Combine the water, yeast and sugar in the workbowl of a stand mixer, stir well and let stand for 5-10 minutes or until good and foamy. Meanwhile, combine the flours, salt, and lard in a bowl and work in the fat with your hands until broken up into very small pieces. When the yeast is foamy, fit the mixer with a dough hook attachment and gradually add the flour on low speed until its all incorporated. Scrape the sides down between additions. When the dough comes together, turn it onto a floured work surface and knead until smooth and elastic, 5-10 minutes, adding more flour if necessary.. Alternatively, you can let the machine do the work, but for me, bread is a touch thing. Coat a large bowl with the Olive Oil, then put the dough in, turning once to coat both sides. Cover loosely with a clean dry towel, or plastic wrap. Let the dough rise in a warm place until doubled in bulk, about 1-1/2 hours. Punch the dough down and shape into a flat round about 9 inches across (it will expand to about 10″.) Place the dough on a lightly oiled baking sheet. Brush the surface with Olive Oil and sprinkle the top with sesame seeds, about 2-3 Tbsp should do it, then press them lightly into the dough. Loosely cover the loaf and let rise until doubled in bulk, about 1 hour. When the dough has risen, remove the cover, gently brush with the egg wash then gently place into a preheated 425 degree F oven for 10 minutes. Turn the heat down to 375 degrees F for an additional 25 minutes or until it’s golden brown and sounds hollow when tapped.

Olive Salad (Adapted from Food52)

  • 1 Cup Spanish Pimento Olives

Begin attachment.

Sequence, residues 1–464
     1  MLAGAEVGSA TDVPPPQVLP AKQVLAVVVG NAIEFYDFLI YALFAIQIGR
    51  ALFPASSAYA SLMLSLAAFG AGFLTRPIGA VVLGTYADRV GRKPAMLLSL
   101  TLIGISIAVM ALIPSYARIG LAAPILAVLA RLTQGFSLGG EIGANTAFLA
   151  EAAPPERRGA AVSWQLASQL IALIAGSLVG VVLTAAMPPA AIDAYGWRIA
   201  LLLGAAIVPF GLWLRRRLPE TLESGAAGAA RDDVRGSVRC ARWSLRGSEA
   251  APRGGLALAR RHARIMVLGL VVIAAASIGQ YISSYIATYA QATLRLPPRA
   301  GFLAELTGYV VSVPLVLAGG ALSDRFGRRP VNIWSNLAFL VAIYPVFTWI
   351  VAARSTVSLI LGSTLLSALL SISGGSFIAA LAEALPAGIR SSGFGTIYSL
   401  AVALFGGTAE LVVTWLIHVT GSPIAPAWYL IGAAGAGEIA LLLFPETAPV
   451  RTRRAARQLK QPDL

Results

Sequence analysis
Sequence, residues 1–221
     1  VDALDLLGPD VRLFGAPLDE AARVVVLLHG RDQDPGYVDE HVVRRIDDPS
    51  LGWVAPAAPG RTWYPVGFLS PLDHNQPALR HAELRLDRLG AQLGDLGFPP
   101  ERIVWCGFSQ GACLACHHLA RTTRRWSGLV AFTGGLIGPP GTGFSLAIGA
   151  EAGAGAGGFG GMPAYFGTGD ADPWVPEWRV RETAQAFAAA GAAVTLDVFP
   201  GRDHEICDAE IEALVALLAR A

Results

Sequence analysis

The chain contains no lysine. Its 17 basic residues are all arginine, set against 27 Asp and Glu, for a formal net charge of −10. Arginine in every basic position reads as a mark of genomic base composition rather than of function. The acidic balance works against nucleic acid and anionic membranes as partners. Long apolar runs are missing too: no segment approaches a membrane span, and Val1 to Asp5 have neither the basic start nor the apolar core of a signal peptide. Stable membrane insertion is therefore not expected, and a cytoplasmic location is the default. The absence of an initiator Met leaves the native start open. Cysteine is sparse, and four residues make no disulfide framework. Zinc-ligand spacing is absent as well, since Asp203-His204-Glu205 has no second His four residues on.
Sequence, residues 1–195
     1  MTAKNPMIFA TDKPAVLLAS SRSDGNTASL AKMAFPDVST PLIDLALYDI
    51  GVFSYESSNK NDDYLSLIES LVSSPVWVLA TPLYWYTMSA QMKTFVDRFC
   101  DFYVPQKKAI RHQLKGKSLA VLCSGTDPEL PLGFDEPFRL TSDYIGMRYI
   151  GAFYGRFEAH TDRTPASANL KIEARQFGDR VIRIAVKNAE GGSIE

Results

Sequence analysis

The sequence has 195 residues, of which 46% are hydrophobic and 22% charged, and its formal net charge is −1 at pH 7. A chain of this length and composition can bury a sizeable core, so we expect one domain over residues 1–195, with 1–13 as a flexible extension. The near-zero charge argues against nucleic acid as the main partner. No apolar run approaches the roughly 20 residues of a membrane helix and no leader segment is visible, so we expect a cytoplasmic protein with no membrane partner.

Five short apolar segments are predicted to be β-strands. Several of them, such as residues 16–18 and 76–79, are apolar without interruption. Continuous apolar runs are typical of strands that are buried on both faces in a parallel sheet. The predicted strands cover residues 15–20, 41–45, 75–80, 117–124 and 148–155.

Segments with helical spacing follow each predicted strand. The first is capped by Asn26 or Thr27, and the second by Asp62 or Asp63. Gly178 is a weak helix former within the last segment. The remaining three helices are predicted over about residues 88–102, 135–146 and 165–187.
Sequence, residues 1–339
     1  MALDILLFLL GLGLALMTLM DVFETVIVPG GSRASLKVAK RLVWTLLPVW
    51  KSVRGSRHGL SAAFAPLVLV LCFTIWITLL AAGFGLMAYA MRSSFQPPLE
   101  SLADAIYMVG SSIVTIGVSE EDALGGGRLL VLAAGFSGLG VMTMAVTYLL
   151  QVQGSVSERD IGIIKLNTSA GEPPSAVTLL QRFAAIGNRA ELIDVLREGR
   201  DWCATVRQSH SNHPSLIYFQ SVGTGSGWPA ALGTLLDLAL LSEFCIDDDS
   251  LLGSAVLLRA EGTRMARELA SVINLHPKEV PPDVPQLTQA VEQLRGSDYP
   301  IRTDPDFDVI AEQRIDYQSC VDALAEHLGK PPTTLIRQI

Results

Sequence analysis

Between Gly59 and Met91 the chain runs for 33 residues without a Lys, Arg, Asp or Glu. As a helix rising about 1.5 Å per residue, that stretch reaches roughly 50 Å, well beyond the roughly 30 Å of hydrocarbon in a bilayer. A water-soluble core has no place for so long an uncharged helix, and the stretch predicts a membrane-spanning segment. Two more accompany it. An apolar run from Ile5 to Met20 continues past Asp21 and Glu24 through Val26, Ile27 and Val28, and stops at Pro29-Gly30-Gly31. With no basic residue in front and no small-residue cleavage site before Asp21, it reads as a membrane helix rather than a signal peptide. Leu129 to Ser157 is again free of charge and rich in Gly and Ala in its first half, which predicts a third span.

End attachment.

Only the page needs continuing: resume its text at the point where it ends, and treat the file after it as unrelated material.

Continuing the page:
• 1 Cup Pitted Black Olives (we used Kalamata)
  • 8 Cornichons
  • 2 Tbsp Dried Oregano
  • 2 Cloves Garlic
  • 2 Tbsp Red Wine Vinegar
  • 3/4 Cup Extra Virgin Olive Oil

In a food processor combine all ingredients and pulse a few times, careful not to over-pulse as you want your Olive Salad to remain chunky. Cover a refrigerate for about an hour before use.

Muffuletta (First We Eat)
Serves 4-5 hungry adults

  • 1 Muffuletta Loaf (see recipe above)
  • About 2 Cups Olive Salad (See Recipe Above)
  • 1/4 Lb Thinly Sliced Prosciutto
  • 1/8 Lb Thinly Sliced Mortadella
  • 1/8 Lb Thinly Sliced Soppressata
  • 1/4 Lb Thinly Sliced Provolone Cheese

Take your Muffuletta load and cut in half, then spread the olive salad mixture on both sides of the loaf equally. This will allow both sides of the bread to soak in some of the olive oil from your olive salad. Next we layered provolone on both sides followed by the Soppressata, Mortadella, and finally, the Prosciutto. Putting the meats and cheeses on both sides is helpful since flipping the top of the sandwich with just olive salad would likely lead to a big olive salad mess. Once all your meats and cheeses are layered, carefully flip the top of the sandwich onto the bottom half and push lightly to meld the two sides.

This 9″ round sandwich lends itself well to sharing, so cut it as you would a pie, into as many different pieces as there are people you are willing to share with, and enjoy!